Friday, November 19, 2010

Demic Diffusion Model: Bounded and Unbounded

I've discussed in a previous post that the solution to the diffusion equation produces a decaying exponential.  So far, in calculating demic diffusion rates for Syria, I've used a first order approximation to this equation.

How good is the first order approximation?    What does the data tell us about the shape of demic expansion?

In looking at the Dodecad K10 data, there are signs that more than one "shape" of demic expansion is at work.  In some cases, you see hard boundaries between peoples living several hundred miles from each other.  The separation between the Armenians and Georgians comes to mind, with each confined to their respective nearby valleys.  In other cases, you see an entirely different diffusion shape, with a very soft and gradual diffusion of peoples, such as that seen between Tuscans and Northern Italians or between Syrians, Jordanians and Egyptians.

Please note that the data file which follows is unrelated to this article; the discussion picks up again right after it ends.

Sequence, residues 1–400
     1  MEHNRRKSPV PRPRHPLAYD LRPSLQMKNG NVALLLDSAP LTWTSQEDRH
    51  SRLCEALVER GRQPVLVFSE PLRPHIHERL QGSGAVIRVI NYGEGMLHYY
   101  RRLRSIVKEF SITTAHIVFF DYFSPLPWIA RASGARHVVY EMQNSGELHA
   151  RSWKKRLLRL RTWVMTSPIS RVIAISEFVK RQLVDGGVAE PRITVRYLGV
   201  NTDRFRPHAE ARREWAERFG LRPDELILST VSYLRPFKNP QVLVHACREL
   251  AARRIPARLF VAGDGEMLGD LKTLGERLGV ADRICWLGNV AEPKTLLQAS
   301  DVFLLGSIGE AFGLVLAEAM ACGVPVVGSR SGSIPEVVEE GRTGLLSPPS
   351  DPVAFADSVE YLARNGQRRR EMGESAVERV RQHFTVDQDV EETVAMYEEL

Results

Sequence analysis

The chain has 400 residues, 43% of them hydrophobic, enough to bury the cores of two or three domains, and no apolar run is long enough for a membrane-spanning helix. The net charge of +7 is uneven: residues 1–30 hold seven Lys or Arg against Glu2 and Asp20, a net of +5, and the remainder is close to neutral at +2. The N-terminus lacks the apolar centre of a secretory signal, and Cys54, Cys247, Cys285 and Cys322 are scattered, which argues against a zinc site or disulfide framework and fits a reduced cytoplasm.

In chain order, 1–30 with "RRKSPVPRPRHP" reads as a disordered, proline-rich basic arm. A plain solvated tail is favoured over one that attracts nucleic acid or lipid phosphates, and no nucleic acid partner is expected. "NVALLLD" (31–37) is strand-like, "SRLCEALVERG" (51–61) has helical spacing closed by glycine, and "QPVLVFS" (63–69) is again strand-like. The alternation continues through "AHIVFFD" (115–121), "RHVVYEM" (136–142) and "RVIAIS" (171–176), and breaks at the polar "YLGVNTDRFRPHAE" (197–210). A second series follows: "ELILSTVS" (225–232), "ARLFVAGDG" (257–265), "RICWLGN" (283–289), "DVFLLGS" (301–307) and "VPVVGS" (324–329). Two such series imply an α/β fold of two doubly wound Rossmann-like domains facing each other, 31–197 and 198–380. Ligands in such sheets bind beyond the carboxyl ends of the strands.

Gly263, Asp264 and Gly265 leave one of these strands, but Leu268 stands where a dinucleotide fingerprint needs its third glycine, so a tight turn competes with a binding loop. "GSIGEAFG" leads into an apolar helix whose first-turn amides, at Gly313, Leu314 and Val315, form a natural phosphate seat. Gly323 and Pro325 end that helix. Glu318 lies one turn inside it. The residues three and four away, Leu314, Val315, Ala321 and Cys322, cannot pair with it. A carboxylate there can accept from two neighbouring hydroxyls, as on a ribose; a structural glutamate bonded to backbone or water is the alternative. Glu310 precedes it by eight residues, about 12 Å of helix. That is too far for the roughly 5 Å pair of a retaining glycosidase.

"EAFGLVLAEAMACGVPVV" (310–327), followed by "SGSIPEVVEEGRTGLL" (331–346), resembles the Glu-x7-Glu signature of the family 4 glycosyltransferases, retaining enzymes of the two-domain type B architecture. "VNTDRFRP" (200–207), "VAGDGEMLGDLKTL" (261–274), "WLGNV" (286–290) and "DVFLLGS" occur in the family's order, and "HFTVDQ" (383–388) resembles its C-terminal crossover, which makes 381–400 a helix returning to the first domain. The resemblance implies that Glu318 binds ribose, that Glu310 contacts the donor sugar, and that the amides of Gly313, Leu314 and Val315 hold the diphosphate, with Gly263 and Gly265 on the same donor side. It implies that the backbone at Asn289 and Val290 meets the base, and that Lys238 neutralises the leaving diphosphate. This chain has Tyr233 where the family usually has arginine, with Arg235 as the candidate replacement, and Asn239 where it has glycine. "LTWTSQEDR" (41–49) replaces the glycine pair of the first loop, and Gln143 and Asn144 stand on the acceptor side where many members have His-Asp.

The three models of diffusion can be graphed:
The First Order Model(FOM) is a straight line approximation to the decaying exponential.  The gradual diffusion model can be described by an unbounded exponential decay.  I'll call that the Unbounded Diffusion Model(UDM).  The third model is bounded, with a leading edge that lies somewhere between the Unbounded Diffusion Model and the First Order Model.  That's the Bounded Diffusion Model(BDM). 

For purposes of estimating dates for when the leading edge of a population component reached a particular area, I'll give the FOM date and the UDM date.  The UDM edge will be set at the 2% proportion level so that the UDM date will be twice that of the FOM date, as pictured in the above graph.  That's arbitrary, but makes for a nice rule of thumb. 

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